Volume 92, Issue 54

Wednesday, December 9, 1998

and to all a goodnight


Holiday spirit worth remembering

A couple of weeks ago, the Focus section placed an ad in The Gazette requesting real-life holiday spirit stories which best illustrated the true meaning of giving and sharing. John Siambanopoulos's story showed not only his own spirit but that of a stranger he encountered on the street. As the winner of our contest, John will have a turkey donated to the London Food Bank in his name by the Focus section.

While growing up, I always loved to go downtown on Saturday afternoons and visit my favourite used bookstores and record shops in Kitchener-Waterloo. Two days before Christmas, about four years ago, as dusk was falling and stores were starting to close, something happened which gave my Christmas spirit an unexpected lift and inspired my sense of generosity.

I was approached by a man who looked to be in his late 40s walking the opposite way. He appeared rather rough and unkept and he reminded me of a few other people that day who were asking for seasonal generosity in the form of spare change. He seemed a great deal older than he probably was and the cuffs of his coat were a bit tattered.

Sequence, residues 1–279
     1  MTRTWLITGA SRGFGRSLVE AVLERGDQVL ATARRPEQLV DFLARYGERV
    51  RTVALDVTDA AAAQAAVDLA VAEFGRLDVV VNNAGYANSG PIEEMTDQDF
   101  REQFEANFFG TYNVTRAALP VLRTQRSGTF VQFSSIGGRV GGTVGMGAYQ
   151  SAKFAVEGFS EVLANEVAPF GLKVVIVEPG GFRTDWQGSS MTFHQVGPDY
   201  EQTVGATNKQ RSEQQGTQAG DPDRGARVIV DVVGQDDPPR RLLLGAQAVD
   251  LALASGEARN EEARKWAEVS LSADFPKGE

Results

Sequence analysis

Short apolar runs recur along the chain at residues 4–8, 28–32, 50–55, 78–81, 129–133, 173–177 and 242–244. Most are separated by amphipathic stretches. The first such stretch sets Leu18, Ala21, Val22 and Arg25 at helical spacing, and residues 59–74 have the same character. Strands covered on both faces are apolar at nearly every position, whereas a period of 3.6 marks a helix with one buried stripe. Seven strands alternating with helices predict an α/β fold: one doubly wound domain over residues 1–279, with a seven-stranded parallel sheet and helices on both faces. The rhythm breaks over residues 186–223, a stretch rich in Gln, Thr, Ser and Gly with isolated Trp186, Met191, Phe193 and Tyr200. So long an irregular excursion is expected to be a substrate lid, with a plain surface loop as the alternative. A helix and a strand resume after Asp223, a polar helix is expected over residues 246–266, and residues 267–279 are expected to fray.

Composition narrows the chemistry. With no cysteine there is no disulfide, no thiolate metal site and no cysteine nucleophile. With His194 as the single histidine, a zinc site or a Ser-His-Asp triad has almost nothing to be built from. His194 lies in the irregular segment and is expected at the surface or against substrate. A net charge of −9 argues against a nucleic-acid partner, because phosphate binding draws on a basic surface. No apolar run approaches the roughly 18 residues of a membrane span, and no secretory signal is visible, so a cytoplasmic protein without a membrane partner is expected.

He stopped me and explained his situation. He was from a nearby town and had been visiting with friends but they had left earlier and he was stranded. He was trying to get enough change to buy a ticket home before the last bus left. After sensing my doubt, he pleaded with me, insisting that he was honest in his intentions.

I usually don't give change to people who seem to be on their way to the liquor store instead of getting a hot meal or coffee. I asked him where he lived in the other city and he gave me a street name I didn't recognize. His story seemed an unlikely one, but the spirit of the moment and the cold snow underneath my feet gave me the go ahead and I gave him about a dollar's worth of change and wished him luck.

Then he did the oddest thing. He carefully counted what I gave him and he dug into his own pockets and fished out the same amount. He motioned that I open my hand and as I did so, he placed all of the money, mine and his, in it. He then quietly said that in my life, all the good I do will come back to me two-fold. He wished me a Merry Christmas and walked away, leaving me under the street light where he had initially stopped me, with my faith in the human spirit a little stronger than it had been a few minutes before.


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Copyright The Gazette 1998